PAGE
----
Rockwell Automation released a firmware update for its MicroLogix 1400 programmable logic controllers (PLCs) to resolve a potentially serious vulnerability. This type of flaw was reportedly leveraged in the December 2016 attack on the Ukrainian electrical grid to disable protection relays and make it more difficult for operators to recover.
The MicroLogix PLC family is used worldwide in industrial control systems (ICS) for critical infrastructure, food and agriculture, and water and wastewater sectors for controlling processes.
An expert from the University of Alabama in Huntsville (UAH) discovered that a flaw designated as CVE-2017-16740 affects several MicroLogix 1400 PLCs running firmware version 21.002 and earlier. The flaw is a buffer overflow vulnerability that can be triggered by specially crafted Modbus TCP packets sent to affected devices. CVE-2017-16740 can be exploited by a remote unauthenticated attacker.
The flaw has been classified as highly severe with a CVSS score of 8.6. Rockwell Automation’s advisory says it is susceptible to DoS attacks, while ICS-CERT added that it could also be exploited for remote code execution (RCE).
Rockwell Automation patched the vulnerability in December 2017 by releasing firmware version 21.003 for series B and series C hardware. A workaround to prevent remote access was released as well: users can disable Modbus TCP support if it’s not needed.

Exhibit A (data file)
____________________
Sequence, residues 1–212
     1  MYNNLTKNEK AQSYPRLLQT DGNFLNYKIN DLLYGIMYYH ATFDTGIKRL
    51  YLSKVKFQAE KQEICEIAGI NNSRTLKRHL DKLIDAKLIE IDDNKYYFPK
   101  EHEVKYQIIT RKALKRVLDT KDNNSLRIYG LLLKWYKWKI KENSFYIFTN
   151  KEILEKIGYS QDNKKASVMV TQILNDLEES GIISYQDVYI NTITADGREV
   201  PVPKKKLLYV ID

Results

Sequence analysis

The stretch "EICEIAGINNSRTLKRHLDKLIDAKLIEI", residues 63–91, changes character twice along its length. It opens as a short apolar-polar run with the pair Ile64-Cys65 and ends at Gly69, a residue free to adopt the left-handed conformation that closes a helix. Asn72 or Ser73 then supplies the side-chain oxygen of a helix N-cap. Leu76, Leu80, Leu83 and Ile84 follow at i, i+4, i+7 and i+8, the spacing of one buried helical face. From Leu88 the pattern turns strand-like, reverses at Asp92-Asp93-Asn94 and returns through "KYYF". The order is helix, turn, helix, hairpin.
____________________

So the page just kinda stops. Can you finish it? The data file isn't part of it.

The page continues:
Stuxnet, a malware that was used to sabotage Iran’s nuclear program, also revealed how critical this type of flaw can be after it damaged PLCs that led to the compromise of one-fifth of Iran’s centrifuges. The emergence of malware that target the critical infrastructure of a foreign nation demonstrates how critical it is to find and fix problems within supervisory control and data acquisition (SCADA) systems.
MicroLogix 1400 Controllers, Series B and C Versions 21.002 and earlier, are affected by the vulnerability. Rockwell Automation also reports that the following catalogs are affected:
Users must implement measures to mitigate the risk of having this vulnerability exploited. NCCIC/ICS-CERT advises users to minimize network exposure for all control system devices and systems, and ensure that they are not accessible from the internet. When remote access is required, use secure methods, such as Virtual Private Networks (VPNs).
Trend Micro provides a variety of solutions for securing ICS and SCADA devices.
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